For example, employees at places like IBM were implicitly guaranteed a job for life decades ago. This was because IBM had owned a big market share years ago, but all of this has changed with competition from emerging competitors like Dell, Gateway, and Hewlett Packard. The monopoly system became weaken as this change evolved more aggressively. As such, companies including IBM, and other agencies had to find innovative ways to maintain their competitive edge or advantage. IBM had to find cost cutting measures, and that meant cutting the workforce, re-designing the organization and not guaranteeing lifetime employment or benefits.
Like IBM, organizations are always looking for ways to cut costs in this new competitive technological age. Some companies decided to open new business in different countries where labor is cheaper and laws are more lenient in order to increase profit. This has and continues to challenge and transform the management of workforce. What we have seen today is a workforce that has undergone a major facelift between the last twenty to thirty years.
The demographic makeup has significantly changed from white males primarily armed with a high school’s diplomas to people from all races with advance degrees. This radical change in the workforce demographic had to be regulated by new legislation, policies, regulation and work related cultures. These new processes and guidelines are many of those factors that have significantly impact in the concept of “personnel management,” as organizations had and continue to create new departments, approaches, and strategies to address different workplace issues.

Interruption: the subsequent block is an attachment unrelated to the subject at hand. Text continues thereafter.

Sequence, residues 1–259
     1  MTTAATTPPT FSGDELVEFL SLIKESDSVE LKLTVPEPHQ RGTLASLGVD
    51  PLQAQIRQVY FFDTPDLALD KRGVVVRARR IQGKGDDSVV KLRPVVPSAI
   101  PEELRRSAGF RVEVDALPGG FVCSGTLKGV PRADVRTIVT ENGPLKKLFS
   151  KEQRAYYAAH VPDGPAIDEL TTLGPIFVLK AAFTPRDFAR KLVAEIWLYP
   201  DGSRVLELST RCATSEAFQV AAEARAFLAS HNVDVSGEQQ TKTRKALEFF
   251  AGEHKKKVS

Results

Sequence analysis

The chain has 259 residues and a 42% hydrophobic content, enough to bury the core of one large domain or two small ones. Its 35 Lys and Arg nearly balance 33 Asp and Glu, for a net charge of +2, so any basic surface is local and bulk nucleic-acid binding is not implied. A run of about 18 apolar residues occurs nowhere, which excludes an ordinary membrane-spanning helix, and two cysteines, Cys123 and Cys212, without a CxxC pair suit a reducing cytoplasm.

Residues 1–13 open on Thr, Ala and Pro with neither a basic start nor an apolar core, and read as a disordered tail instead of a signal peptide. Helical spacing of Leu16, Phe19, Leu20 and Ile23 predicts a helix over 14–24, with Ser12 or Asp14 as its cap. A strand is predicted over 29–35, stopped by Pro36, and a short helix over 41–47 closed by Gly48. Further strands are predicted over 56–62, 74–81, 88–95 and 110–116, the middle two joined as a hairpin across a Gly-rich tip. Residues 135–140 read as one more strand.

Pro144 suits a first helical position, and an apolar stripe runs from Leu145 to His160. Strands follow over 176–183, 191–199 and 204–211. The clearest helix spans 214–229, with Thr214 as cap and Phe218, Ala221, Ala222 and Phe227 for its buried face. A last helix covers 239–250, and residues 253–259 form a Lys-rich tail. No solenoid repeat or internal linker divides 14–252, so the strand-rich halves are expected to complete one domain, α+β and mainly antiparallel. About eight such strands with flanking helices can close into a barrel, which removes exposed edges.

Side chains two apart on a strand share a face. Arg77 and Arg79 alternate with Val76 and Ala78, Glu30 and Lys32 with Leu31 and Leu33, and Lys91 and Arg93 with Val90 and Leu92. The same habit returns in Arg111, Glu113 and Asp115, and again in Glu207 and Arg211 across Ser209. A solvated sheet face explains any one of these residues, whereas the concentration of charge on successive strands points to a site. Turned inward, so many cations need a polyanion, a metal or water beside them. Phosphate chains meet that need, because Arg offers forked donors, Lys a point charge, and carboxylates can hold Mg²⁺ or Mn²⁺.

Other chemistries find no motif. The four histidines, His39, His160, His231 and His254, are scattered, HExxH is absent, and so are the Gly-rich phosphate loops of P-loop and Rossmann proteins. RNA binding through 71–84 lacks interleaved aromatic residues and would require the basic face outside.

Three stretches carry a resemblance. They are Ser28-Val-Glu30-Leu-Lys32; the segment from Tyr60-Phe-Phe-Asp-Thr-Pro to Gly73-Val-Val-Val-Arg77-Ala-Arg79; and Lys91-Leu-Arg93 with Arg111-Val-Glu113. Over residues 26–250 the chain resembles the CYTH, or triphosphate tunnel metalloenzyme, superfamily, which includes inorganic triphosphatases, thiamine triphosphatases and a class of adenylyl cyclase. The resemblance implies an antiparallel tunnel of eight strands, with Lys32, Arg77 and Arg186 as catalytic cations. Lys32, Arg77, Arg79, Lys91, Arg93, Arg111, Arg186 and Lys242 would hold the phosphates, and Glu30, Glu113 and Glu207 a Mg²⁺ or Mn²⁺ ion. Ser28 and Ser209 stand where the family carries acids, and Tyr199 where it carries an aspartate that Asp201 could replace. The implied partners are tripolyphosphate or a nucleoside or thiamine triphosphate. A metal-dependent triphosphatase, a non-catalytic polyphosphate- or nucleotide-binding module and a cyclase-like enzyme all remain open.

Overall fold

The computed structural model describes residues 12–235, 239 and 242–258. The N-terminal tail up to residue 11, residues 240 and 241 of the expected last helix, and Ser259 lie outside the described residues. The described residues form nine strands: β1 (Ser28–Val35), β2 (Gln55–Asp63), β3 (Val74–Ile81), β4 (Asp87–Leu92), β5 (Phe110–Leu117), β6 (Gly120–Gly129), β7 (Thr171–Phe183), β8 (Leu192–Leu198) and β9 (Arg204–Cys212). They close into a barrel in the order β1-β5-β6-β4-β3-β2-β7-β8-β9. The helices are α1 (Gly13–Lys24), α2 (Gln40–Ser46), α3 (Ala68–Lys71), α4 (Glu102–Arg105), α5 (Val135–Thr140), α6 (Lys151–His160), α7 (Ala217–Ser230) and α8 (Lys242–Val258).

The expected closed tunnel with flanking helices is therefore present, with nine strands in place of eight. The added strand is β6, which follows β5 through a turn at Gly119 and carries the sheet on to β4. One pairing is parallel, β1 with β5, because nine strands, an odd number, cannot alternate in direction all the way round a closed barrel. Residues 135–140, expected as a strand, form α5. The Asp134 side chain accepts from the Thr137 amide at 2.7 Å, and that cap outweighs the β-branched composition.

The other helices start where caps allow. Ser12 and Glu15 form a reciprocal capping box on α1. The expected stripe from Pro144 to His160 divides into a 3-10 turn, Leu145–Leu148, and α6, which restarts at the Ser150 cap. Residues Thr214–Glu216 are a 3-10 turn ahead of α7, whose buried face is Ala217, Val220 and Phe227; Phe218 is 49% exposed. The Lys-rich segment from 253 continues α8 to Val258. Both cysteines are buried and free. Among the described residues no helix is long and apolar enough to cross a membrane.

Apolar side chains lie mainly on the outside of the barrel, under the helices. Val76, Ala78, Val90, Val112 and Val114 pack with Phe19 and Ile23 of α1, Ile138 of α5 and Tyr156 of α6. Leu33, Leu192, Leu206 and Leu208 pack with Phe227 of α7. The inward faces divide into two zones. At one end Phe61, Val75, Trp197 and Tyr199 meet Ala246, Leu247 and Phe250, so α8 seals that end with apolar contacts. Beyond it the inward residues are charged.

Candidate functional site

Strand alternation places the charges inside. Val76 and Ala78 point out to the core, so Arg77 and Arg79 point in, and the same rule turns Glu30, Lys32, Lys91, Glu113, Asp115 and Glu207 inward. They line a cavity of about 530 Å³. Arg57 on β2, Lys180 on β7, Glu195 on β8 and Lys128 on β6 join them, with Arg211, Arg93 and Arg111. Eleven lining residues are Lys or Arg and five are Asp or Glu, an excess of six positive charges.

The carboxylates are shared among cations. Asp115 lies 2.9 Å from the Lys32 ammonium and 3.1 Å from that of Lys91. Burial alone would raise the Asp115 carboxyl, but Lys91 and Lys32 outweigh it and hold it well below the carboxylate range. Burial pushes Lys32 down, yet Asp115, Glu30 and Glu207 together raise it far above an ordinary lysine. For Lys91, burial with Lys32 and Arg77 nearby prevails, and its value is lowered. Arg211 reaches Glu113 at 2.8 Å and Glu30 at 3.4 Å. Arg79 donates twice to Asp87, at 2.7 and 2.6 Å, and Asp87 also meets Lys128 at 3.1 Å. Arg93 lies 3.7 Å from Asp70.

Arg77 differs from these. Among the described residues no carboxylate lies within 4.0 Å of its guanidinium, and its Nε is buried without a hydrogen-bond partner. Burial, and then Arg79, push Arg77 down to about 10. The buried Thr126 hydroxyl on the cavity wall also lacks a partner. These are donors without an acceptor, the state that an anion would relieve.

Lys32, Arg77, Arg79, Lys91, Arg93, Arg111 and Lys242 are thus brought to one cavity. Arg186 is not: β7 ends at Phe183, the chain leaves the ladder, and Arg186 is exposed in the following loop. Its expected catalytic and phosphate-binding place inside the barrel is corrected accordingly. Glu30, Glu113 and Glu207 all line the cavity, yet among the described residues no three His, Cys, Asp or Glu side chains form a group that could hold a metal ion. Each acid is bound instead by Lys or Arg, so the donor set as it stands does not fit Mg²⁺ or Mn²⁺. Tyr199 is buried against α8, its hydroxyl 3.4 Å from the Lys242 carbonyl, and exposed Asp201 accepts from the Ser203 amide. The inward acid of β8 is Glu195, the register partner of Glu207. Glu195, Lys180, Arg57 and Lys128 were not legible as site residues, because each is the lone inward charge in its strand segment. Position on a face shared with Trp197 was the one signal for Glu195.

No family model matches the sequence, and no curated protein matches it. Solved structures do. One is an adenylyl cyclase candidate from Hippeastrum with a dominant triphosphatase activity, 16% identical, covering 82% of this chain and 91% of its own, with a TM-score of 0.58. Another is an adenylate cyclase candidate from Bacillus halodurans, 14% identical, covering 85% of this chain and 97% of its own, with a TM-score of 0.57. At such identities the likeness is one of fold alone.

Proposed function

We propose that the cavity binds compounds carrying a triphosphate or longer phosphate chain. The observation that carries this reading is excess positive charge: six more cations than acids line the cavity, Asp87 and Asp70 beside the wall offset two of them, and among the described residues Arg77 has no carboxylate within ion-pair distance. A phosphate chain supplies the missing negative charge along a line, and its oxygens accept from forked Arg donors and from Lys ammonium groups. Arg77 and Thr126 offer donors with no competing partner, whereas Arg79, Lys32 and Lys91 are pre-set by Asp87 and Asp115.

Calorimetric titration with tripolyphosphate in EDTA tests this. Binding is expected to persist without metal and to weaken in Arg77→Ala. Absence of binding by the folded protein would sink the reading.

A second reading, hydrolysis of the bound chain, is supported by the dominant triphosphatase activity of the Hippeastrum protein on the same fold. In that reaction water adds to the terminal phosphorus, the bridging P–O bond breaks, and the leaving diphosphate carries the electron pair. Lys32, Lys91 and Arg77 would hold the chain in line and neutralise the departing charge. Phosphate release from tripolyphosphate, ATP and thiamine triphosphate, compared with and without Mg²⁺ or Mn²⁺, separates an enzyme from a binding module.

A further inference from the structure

Paramount amongst departments that have emerged in the new concept and experience of personnel management are: Employee Relations, Organizational Development, Recruitment and Selection, Compensation and Benefits.
For example, in the United States, there are federal employment laws that mandate employers with a certain number of employees to comply with certain legislations, policies, and regulations. Issues like Equal Employment Opportunity, the Disability Employment Act, Sexual Harassment, Family Medical Leave Act, and Equal Pay for Equal Work etc. When an employer violates these laws, they are fined by the government and in most cases, sued by the employee.
HR also has many professional organizations, the main one is called the Society for Human Resources Management (SHRM); and there is certification for proficiency in the HR subject matters. The certifications are as follows; PHR (Professional in Human Resources, at least two years of exempt experience), SPHR (Senior Professional in Human Resources, at least five years of exempt experience) and then there is the GPHR (Global Professional in Human Resources, at least eight years of experience).
With all these changes, evolutions and radical formation of Human Resources organizations, one need not ask why the concept “Personnel Management” is a thing of the pass, and why Human Resources Management or administration has become the most suited and logical concept replacing the old reality. However, the truth remains that Personnel Management has not totally disappeared, but has actually morphed into what is current known as Human Resources Management.